• Buprenorphine delivered in office based settings is effective for the treatment of opioid dependence and is likely comparable in effectiveness to traditional methadone maintenance treatment.
    Buprenorphine provides another treatment option for opiate addiction. Like methadone, it can block illicit opiates and control withdrawal but, unlike methadone, there are fewer limits to its dispensation by physicians. That’s because the different chemical properties of Buprenorphine and its use in a combined tablet with another medication, Naloxone, that blunts the effect of opiates are seen as making it safer and less prone to abuse.

    While Buprenorphine treatment is new in the US, other countries have substantially expanded capacity for opiate addiction treatment through the use of Buprenorphine in office-based practices. In France, for example, expansion of access in a minimally regulated environment has led to a reduction in opioid overdose deaths (Auriacombe et al., 2001), but also to abuse of Buprenorphine. However, in France Buprenorphine has been used primarily without the Naloxone that is intended to reduce such abuse (Obadia et al, 2001).

    There is evidence that Buprenorphine delivered through primary care physicians is as effective as traditional methadone treatment programs in dealing with opiate addiction (O'Connor et al., 1998). Its efficacy appears to remain constant whether administered to those already in treatment or those just initiating treatment (Harris et al., 2005). But more research is needed to guide doctors in identifying patients more likely to be successful with Buprenorphine as opposed to methadone, and to help improve adherence to Buprenorphine treatment (Fiellin et al., 2006). There is some evidence that patients who are employed and receive counseling are more likely to stick with the treatment program (Stein et al., 2005).
  • Compared to patients receiving methadone maintenance treatment, patients receiving office-based Buprenorphine treatment in the United States are more likely to be younger, Caucasian, relatively affluent and dependent on prescription opioids.
    One issue with Buprenorphine is that, by allowing more physicians to offer treatment for opiate addiction, it alters the demographic of those seeking help. One study found that patients getting Buprenorphine in a primary care setting are more likely to be younger, male and holding full time jobs and less likely to be injecting drugs than patients in a traditional methadone clinic (Sullivan et al., 2005). Also, there is evidence that compared to those seeking help with heroin addiction, those seeking treatment for prescription-opiate addiction are more likely to be Caucasian and earn a higher income and may be more likely to complete treatment (Moore et al., 2007). It may be that Buprenorphine, by being more available within the medical system, allows access to addiction treatment for patients who would not consider enrolling in methadone maintenance treatment.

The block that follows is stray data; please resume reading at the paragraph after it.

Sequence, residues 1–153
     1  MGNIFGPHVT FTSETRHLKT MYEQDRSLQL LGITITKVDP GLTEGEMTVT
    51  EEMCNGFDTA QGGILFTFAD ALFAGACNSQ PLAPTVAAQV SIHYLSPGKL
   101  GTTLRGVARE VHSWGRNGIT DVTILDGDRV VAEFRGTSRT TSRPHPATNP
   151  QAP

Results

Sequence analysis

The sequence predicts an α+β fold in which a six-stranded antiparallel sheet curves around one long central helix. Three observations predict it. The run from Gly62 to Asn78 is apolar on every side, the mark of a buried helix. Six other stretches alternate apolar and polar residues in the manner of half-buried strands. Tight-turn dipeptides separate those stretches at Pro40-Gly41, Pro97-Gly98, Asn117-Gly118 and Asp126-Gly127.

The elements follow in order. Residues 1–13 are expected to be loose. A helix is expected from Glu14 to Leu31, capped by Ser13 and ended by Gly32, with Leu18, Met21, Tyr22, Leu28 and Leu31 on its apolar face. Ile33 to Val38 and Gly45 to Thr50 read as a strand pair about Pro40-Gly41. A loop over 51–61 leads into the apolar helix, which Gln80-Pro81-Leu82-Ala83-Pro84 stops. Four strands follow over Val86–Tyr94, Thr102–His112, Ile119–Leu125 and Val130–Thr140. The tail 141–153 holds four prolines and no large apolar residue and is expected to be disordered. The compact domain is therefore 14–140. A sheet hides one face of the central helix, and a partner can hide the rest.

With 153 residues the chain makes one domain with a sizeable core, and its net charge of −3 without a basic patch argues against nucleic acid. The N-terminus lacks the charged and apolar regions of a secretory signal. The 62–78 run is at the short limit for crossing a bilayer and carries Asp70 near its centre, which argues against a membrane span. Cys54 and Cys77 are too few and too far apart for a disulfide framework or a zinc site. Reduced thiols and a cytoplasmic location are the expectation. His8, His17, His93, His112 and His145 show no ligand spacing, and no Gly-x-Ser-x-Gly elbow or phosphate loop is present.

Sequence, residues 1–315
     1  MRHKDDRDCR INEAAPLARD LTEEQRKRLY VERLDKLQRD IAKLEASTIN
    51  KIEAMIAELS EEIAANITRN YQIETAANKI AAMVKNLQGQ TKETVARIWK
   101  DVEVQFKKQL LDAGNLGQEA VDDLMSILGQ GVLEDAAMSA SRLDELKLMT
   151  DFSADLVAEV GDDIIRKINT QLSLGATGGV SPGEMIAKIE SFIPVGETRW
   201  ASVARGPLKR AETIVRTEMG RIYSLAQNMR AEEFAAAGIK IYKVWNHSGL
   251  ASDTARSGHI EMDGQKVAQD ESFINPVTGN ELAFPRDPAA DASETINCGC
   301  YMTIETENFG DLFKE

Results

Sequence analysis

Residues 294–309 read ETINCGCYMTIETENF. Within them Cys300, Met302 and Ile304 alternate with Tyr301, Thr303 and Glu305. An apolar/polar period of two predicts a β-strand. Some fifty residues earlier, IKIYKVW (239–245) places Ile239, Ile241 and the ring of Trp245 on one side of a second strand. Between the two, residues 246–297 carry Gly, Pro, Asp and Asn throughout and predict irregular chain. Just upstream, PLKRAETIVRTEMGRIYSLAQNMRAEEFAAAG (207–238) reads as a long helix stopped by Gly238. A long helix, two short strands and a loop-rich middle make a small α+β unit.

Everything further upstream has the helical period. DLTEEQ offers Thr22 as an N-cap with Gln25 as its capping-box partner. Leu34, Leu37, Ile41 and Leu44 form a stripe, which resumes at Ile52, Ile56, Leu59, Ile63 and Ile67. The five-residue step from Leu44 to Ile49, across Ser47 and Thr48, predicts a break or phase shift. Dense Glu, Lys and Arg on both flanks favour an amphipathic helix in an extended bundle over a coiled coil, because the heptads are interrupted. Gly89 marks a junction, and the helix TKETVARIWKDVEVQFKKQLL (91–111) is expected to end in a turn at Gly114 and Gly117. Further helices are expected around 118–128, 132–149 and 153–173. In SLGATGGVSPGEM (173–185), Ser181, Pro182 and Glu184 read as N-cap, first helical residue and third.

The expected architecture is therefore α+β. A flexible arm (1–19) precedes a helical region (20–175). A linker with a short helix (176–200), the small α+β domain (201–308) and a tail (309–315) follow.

• Office-based opioid treatment with methadone and Buprenorphine has been implemented slowly due to a combination of policy restrictions and the slow development of a physician workforce.
    Despite the fact that Buprenorphine is now available to physicians and restrictions on methadone have been relaxed somewhat, there remain a variety of impediments to having either drug prescribed in an office-based setting. For example:

    -For methadone, there remain concerns about its potential abuse and unease with treating one drug dependency with another. And despite recent moves to ease restrictions, current policies continue to ensure that the vast majority of patients with addiction—those who have never received treatment or have relapsed—will have to look outside of mainstream medical care for methadone (Merrill, 2002).

    -There are fewer restrictions on prescribing Buprenorphine, but health care providers still face barriers to prescribing it for their patients. Physicians must adhere to ;Buprenorphine-specific licensing and training requirements imposed by the Drug Addiction Treatment Act of 2000, and states have the ability to impose limitations on treatment provided through public funding. The actual availability of methadone and Buprenorphine through private and public treatment systems in different states is an important research question. These restrictions can be difficult and costly to overcome for many physicians, even those who treat HIV patients and who, given the links between opiate abuse and HIV, want to integrate Buprenorphine into their offerings (Schackman et al., 2006).

    -Inexperienced primary care physicians may see patients with opioid addiction as demanding, disruptive and manipulative and worry that their practices lack proper access to the mental health services, social services and other support required to effectively provide treatment with either methadone or Buprenorphine (McMurphy et al., 2006). But if offered the opportunity to treat opiate addiction, physicians may be more willing to prescribe Buprenorphine than methadone (Turner et al., 2005).